New Housing Complex in TownPress Nearly Complete

The process often starts with a planning stage in which plans are prepared by an architect and approved by the client and any regulatory authority. Then the site is cleared, foundations are laid and trenches for connection to services such as sewerage, water, and electricity are established.

The process often starts with a planning stage in which plans are prepared by an architect and approved by the client and any regulatory authority. Then the site is cleared, foundations are laid and trenches for connection to services such as sewerage, water, and electricity are established. If the house is wooden-framed, a framework is constructed to support the boards, siding and roof. If the house is of brick construction, then courses of bricks are laid to construct the walls. Floors, beams and internal walls are constructed as the building develops, with plumbing and wiring for water and electricity being installed as appropriate. Once the main structure is complete, internal fitting with lights and other fitments is done, and the house may be decorated and furnished with furniture, cupboards, carpets, curtains and other fittings.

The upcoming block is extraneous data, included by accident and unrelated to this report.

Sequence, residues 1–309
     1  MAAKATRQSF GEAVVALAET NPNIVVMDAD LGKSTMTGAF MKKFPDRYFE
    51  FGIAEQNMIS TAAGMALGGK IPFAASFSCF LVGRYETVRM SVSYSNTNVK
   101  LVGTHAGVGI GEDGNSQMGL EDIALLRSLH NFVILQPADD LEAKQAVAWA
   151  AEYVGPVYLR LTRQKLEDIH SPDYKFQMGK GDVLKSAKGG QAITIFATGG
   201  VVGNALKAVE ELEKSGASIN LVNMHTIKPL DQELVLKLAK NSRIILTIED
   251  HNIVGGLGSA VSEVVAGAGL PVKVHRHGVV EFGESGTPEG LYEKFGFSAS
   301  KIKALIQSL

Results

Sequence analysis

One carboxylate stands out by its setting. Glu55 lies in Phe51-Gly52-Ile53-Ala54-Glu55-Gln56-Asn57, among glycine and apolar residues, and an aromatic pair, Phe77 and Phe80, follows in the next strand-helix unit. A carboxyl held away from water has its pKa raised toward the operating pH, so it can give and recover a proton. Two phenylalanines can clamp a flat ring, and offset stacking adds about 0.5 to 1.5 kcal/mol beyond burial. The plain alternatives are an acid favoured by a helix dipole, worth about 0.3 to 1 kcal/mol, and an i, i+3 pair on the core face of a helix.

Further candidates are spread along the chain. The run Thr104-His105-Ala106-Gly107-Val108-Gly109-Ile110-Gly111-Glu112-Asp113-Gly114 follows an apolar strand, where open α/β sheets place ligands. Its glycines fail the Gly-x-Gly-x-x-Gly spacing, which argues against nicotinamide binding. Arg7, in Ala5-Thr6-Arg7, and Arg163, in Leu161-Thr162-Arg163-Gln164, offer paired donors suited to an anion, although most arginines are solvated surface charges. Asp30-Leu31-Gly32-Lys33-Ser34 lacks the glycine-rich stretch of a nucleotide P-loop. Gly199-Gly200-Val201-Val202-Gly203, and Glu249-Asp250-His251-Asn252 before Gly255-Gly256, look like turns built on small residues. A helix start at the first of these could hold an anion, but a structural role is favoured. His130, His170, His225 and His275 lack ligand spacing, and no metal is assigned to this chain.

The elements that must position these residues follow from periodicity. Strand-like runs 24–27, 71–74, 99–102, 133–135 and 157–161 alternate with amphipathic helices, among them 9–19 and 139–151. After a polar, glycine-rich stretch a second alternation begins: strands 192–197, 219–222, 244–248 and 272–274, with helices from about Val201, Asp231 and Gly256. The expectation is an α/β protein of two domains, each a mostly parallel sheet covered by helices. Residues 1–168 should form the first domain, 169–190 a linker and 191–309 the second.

Some have criticized the house-building industry. Mass house-builders can be risk averse, preferring cost-efficient building methods rather than adopting new technologies for improved building performance. Traditional vernacular building methods that suit local conditions and climates can be dispensed with in favour of a generic ‘cookie cutter’ housing type.

This article uses material from the Wikipedia article House-building, which is released under the Creative Commons Attribution-Share-Alike License 3.0.

Report From Monday’s Financial Town Meeting

A town meeting is a form of direct democratic rule, used primarily in portions of the United States – principally in New England – since the 17th century, in which most or all the members of a community come together to legislate policy and budgets for local government.

A town meeting is a form of direct democratic rule, used primarily in portions of the United States – principally in New England – since the 17th century, in which most or all the members of a community come together to legislate policy and budgets for local government.